- Socially responsible investing encompasses many personal beliefs, not just one set of values.
- Some investors don't wish to invest in the "sin stocks" of companies whose products go against their morals.
- By avoiding the "sin stocks," some investors may be accepting more risk than they realize because they're not fully diversified across industries.
Socially responsible investing (SRI) has been referred to as "double-bottom-line" investing. The implication is that you are seeking not only profitable investments, but also investments that meet your personal standards. Some investors don't want their money to support companies that sell tobacco products, alcoholic beverages or weapons, or that rely on animal testing as part of their research and development efforts. Other investors may also be concerned about social, environmental, governance, labor or religious issues. It is important to note that SRI encompasses many personal beliefs and doesn't reflect just one set of values. Therefore, it's no surprise that each socially responsible fund relies on its own carefully developed "screening" system.
According to the 2012 annual report of The Forum for Sustainable and Responsible Investment, total SRI assets in the United States rose from $639 billion in 1995 to $3.74 trillion at the end of 2011. Clearly investors believe in SRI.
One question for investors in SRI funds is: Is there a price to pay for avoiding "sin stocks"?
To answer the question, we begin by considering that SRI funds are typically more expensive than index funds and passive funds in general. One reason is that they incur the extra costs of screening out the undesirables. Those extra costs hurt returns.
SRI investors also typically sacrifice diversification. SRI funds typically are domestic and large cap. Thus, investors sacrifice exposure to small and value stocks, and perhaps international and emerging market stocks as well. They also then lose exposure to the higher expected returns provided by small, value and emerging market stocks.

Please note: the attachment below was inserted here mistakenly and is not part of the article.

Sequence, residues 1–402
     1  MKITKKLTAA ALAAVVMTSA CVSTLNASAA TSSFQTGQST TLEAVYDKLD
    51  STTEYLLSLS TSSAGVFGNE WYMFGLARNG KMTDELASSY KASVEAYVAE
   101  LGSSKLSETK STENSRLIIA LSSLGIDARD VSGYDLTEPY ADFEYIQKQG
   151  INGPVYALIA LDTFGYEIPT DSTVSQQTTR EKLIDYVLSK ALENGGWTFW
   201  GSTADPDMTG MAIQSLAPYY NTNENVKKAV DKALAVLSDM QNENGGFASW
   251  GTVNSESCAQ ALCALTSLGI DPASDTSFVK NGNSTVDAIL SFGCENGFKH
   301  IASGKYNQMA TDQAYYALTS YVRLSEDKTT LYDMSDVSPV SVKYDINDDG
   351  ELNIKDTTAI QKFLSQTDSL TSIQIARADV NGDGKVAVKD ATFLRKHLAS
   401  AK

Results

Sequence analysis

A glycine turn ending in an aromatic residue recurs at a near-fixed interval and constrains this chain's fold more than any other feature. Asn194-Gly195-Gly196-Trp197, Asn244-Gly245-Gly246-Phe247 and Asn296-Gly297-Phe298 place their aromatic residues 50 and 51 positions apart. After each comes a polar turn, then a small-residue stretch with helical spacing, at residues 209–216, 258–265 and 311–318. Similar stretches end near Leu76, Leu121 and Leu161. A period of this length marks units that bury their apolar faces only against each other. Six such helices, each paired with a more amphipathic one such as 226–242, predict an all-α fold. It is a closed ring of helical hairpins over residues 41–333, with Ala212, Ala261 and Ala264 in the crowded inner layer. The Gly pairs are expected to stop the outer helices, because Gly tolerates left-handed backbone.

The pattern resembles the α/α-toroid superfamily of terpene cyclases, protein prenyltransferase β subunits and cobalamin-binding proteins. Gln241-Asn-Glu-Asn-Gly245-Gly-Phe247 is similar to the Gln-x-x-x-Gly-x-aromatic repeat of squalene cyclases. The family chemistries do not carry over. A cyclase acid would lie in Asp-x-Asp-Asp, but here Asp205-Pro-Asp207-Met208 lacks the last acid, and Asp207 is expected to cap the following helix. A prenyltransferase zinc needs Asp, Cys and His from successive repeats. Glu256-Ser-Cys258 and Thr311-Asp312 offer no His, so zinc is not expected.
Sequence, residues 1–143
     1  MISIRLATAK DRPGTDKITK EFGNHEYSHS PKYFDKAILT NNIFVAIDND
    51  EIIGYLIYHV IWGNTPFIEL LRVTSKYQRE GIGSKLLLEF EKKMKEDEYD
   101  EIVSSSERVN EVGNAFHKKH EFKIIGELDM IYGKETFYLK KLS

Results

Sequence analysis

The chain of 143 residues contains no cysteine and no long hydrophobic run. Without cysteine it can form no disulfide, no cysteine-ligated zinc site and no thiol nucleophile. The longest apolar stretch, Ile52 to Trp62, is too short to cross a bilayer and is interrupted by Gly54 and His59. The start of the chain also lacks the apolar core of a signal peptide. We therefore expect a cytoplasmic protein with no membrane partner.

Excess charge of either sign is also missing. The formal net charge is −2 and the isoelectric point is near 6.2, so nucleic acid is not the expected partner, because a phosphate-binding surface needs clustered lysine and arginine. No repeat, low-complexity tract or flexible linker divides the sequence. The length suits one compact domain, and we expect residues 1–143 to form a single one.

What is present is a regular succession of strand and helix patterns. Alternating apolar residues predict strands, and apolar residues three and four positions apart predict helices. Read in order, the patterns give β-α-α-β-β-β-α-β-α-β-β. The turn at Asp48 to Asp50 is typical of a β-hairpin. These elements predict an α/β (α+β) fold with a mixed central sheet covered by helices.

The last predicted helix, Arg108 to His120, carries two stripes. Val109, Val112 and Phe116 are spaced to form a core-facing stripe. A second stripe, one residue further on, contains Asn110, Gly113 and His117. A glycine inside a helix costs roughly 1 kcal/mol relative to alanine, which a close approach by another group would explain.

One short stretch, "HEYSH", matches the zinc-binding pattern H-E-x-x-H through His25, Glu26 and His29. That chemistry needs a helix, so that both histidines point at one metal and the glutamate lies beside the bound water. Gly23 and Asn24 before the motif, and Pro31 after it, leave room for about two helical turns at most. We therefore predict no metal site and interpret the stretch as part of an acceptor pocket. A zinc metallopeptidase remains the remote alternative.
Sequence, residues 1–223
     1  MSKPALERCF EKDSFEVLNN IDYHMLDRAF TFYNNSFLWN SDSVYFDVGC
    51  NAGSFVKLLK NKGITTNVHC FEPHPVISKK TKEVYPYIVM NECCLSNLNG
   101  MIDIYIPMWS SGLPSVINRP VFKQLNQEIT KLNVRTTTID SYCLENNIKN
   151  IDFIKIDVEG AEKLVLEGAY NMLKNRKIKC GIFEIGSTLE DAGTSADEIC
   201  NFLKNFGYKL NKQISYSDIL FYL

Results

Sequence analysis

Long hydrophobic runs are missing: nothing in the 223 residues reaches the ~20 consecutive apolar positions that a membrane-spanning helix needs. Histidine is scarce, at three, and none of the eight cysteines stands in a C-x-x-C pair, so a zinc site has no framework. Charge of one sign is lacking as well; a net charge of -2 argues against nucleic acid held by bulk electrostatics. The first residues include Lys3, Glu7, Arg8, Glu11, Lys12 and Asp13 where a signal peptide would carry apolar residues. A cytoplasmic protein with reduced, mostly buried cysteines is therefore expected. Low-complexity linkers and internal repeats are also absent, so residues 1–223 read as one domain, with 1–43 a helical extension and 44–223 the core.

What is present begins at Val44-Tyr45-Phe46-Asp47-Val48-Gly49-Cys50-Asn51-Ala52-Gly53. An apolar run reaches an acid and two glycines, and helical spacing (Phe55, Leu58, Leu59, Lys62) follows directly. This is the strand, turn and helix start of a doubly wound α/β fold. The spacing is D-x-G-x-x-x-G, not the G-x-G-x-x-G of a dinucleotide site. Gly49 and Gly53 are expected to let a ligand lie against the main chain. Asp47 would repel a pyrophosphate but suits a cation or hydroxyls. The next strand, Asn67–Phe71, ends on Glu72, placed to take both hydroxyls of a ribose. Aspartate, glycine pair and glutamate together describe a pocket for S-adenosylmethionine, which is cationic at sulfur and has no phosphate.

SRI investors also may be accepting other risks. Because they avoid investing is "sin" stocks, they are not fully diversified across industries.
There is one other important point to consider. Economic theory tells us that because there are $3.7 trillion of SRI investments that avoid "sin" stocks, the cost of capital of sin stocks is driven higher than it would otherwise be, and the cost of capital of the non-sin stocks is driven lower. In other words, by avoiding investing in sin stocks, investors make those stocks cheaper (smaller and more value-oriented). And since the flip side of the cost of capital is the expected return to investors, SRI investors are missing out on the higher expected returns of "sin" stocks.
The authors of the study, "The Price of Sin: The Effects of Social Norms on Markets," provide evidence that supports the hypothesis of there being a societal norm against investing in "sin" stocks, and that it does impact the cost of capital. The following is a summary of their findings:
- When compared to stocks of otherwise comparable characteristics, sin stocks have less institutional ownership - approximately 18 percent lower institutional ownership than comparable stocks (23 percent versus 28 percent).
- Sin stocks receive 21 percent less analyst coverage.
- Sin stocks are less held by norm-constrained institutions such as pension plans as compared to mutual or hedge funds that are natural arbitrageurs.
- The prices of sin stocks are relatively depressed, and, therefore, have higher expected returns than otherwise comparable stocks - consistent with them being neglected by norm-constrained investors and facing greater litigation risk (e.g., tobacco stocks) heightened by social norms.
- For the period 1965-2006, a portfolio long sin stocks and short their comparables has a return of 0.29 percent per month after adjusting for a four-factor model comprising of the three Fama-French factors (beta, size and value) and the momentum factor. The statistics are economically significant.
- The market-to-book ratios of sin stocks are on average about 15 percent lower than those of other comparable companies. These valuation ratios, using a Gordon growth model calibration, imply excess returns of about 2 percent a year.
- As out of sample support, sin stocks in seven large European markets and Canada outperform similar stocks by about 2.5 percent a year.
The conclusion we can draw from this study is that social norms have important consequences for the cost of capital of "sin" companies. They also have consequences for investors who pay a price in the form of lower expected returns and less effective diversification. While many investors will vote "conscience" over "pocketbook," there is an alternative to socially responsible investing that's at least worth considering: Avoid socially responsible funds and donate the higher expected returns to the charities that you are most passionate about. In that way, you can directly impact the causes you care most about and get a tax deduction at the same time.
Disclosure: I have no positions in any stocks mentioned, and no plans to initiate any positions within the next 72 hours. I wrote this article myself, and it expresses my own opinions. I am not receiving compensation for it (other than from Seeking Alpha). I have no business relationship with any company whose stock is mentioned in this article.